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A Mythological Menagerie, Made Only of Sand

An attendant administering the glue treatment to one of the competition’s winning sand sculptures depicting St. George fabled slaying of the dragon. Simone Peek

Twelve different sand statues, crafted by competitors from eight different countries are currently on display in Kolomensky Park, as part of the 7th edition of a sand sculpting competition.

The competition is organized by artist collective "Art Bliss" in cooperation with Kolomenskoye Museum and according to organizer Pavel Mylnikov, last year's summer exhibit attracted close to 50,000 visitors.

Pavel Mylnikov is five-time sand sculpting world champion and the self-proclaimed "first Russian sand sculptor." Educated at Moscow Art Lyceum Surikov, he had a broad base of experience with ice sculpting, but it was not until 1997 that he first began to make sand sculptures.

"A friend from Finland invited me to a Guinness book record attempt in the United States, and there I caught the virus of sand sculpting" Mylnikov said.

Because of this year's theme, "Tainy Narodov Mira" (Mysteries of the World's Nations), a visit to the exposition is like a mythical journey through history. Amongst the contesting statues are an image of the Minotaur, George slaying the dragon, an Indian-chief and the public's favorite: an all-sand reproduction the 17th century Orthodox "Transfiguration Church," originally located at Kizhi Island.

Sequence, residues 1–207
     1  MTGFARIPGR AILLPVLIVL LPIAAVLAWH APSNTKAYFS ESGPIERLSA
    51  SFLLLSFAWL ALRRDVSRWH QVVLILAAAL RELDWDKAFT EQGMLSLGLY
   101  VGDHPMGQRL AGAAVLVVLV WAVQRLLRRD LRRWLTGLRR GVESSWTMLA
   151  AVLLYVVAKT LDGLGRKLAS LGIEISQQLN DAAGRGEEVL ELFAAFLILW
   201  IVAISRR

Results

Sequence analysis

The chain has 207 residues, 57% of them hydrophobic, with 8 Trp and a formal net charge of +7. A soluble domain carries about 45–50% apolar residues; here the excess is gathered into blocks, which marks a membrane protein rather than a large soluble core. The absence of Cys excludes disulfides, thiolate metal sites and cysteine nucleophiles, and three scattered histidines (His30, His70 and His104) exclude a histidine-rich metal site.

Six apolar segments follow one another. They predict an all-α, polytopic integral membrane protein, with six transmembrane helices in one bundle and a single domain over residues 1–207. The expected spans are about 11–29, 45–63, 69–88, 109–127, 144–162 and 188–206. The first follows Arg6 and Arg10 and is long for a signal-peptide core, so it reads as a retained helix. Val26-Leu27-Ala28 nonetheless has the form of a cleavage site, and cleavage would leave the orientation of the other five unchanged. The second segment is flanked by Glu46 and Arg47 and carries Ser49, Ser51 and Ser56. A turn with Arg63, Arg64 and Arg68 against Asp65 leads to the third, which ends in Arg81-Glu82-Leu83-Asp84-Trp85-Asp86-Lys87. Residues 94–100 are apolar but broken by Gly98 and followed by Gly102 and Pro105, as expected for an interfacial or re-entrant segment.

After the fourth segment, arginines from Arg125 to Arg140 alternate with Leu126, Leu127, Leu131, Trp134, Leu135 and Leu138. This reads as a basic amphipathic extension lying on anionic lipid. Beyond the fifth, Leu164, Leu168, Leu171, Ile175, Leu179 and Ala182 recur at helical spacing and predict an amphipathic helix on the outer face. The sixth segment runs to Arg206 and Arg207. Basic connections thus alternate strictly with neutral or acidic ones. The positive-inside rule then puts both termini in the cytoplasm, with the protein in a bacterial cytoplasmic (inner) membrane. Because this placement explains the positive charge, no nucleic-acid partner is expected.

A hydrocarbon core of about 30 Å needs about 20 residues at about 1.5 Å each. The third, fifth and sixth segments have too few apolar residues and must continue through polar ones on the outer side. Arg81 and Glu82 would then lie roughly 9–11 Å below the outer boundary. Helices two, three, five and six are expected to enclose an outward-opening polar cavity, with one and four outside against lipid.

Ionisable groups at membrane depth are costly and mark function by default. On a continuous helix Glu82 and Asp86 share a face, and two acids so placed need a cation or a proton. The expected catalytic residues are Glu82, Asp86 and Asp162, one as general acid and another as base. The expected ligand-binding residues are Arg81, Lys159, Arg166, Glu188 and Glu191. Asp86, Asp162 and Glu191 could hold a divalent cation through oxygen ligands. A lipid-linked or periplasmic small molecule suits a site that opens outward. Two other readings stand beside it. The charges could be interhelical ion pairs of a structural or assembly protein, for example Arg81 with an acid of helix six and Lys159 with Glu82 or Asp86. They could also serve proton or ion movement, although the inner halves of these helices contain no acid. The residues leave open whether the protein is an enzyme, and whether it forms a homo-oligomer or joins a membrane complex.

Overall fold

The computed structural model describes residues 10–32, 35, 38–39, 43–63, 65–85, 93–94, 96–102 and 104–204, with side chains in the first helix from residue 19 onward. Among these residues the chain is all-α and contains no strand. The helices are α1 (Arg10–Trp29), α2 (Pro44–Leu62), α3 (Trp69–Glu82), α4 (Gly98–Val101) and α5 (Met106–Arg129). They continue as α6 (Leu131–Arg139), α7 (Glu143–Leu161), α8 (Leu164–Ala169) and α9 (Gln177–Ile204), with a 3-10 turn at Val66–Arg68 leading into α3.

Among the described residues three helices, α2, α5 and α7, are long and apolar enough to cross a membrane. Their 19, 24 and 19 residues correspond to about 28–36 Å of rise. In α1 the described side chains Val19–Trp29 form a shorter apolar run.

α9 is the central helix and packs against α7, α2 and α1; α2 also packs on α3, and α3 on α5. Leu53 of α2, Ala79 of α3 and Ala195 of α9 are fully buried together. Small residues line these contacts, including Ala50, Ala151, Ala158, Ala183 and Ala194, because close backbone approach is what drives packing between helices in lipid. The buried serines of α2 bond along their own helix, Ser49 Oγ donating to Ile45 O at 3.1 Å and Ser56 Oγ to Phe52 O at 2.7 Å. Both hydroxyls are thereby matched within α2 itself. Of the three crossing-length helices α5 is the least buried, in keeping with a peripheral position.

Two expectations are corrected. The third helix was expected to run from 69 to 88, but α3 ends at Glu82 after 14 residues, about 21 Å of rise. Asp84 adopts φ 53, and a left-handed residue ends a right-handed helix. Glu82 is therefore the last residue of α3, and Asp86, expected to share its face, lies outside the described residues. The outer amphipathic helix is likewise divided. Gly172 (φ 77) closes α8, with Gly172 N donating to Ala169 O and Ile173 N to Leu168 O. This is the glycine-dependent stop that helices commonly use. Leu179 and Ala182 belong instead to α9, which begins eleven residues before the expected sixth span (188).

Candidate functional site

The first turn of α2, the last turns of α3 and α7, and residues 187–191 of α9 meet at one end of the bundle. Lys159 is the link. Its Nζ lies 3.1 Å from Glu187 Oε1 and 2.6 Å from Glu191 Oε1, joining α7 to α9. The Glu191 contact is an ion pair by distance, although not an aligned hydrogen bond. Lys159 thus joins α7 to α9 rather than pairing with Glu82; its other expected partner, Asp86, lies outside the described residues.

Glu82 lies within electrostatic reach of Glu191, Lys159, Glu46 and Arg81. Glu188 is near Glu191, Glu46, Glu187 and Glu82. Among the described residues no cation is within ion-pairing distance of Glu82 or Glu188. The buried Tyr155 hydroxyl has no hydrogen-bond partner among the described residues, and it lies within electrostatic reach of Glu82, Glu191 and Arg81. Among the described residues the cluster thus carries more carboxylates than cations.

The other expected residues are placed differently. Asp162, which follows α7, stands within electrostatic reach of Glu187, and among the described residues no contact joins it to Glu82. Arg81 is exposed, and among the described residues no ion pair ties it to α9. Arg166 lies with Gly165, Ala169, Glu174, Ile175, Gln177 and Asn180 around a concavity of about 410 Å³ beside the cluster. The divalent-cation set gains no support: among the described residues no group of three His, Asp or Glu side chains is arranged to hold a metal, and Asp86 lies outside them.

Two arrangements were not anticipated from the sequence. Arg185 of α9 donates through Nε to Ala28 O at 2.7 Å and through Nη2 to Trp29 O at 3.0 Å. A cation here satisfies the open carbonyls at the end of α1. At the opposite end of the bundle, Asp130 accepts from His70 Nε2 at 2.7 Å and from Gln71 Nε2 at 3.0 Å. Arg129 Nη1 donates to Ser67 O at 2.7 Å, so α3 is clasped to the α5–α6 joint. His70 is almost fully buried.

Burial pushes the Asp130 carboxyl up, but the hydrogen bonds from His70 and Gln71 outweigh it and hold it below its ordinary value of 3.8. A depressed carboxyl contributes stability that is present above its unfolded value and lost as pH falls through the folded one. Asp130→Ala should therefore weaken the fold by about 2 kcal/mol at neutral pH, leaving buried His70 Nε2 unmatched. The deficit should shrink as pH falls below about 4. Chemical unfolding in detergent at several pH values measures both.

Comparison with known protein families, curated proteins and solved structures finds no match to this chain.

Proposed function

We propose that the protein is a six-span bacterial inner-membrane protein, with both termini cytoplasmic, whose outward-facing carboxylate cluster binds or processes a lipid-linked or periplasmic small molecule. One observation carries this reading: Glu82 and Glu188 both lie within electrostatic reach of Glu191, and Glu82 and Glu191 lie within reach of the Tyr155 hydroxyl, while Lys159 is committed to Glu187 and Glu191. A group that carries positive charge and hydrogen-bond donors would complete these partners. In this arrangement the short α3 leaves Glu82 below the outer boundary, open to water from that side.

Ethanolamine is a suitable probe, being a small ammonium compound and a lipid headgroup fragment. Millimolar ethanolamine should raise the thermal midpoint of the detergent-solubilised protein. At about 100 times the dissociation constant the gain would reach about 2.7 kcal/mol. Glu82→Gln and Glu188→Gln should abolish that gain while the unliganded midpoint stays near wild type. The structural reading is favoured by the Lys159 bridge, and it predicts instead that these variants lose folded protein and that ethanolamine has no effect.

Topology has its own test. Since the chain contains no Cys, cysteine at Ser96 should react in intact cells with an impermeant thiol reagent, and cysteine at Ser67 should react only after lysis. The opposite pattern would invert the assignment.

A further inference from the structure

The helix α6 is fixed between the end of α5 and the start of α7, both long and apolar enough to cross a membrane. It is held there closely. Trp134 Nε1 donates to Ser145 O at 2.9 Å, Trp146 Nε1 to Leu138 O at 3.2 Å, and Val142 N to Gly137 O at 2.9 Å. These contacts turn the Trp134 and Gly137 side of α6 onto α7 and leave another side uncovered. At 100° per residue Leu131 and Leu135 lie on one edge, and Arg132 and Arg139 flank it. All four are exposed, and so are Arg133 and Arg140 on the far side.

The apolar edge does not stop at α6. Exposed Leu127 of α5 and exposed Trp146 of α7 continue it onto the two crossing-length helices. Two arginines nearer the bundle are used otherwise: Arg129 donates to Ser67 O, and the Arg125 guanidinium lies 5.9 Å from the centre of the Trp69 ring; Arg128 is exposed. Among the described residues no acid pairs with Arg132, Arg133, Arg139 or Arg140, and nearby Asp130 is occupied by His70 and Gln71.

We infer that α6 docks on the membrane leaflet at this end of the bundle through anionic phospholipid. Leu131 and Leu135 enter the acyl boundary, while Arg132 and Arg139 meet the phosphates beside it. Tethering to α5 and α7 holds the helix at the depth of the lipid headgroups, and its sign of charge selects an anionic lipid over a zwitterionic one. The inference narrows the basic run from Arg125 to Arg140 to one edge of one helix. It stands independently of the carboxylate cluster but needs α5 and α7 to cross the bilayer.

All sculptures are impressive in size, ranging between 3 and 5 meters high.

To maintain their shape in the face of any adverse weather conditions, the statues are sprayed with a glue mixture up to three times a day. This should keep the art pieces in top condition up until Oct. 6, the exposition's end date.

Many of the statues are marked as prize winners: This is due to various rounds of voting in which both visitors and competing sculptors chose their favorites. A jury of experts elected the final top three, with the Kolomenskoye museum picking its favorite too.

Remarkably, each group ended up praising a different statue, and none of them won two prizes.

From May 22 to 26, the exposition will be expanded by 10 more statues through a new competition. This time Russian artists are challenged to sculpt a figure around the theme "My Protiv Terrorizm" (We oppose terrorism).

"The goal is to make something beautiful. This is to try and distract people's attention from the aggressive things and all the drama that is around them, towards something nice," Mylnikov said. "So it will not be a series of twin tower sculptures," he added dryly.  

During the competition, the exhibition ground is open to visitors, who are invited to come and see the process of sculpture building. This is recommended to anyone who is planning a visit, because when watching the final outcomes, one can't help but wonder, "how on earth did they manage this?"

And who knows, you might catch the "sand sculpting virus" yourself.

The exhibition is located in Kolomenskoye park, open daily from 10 a.m. to 9 p.m.. For more information, visit and

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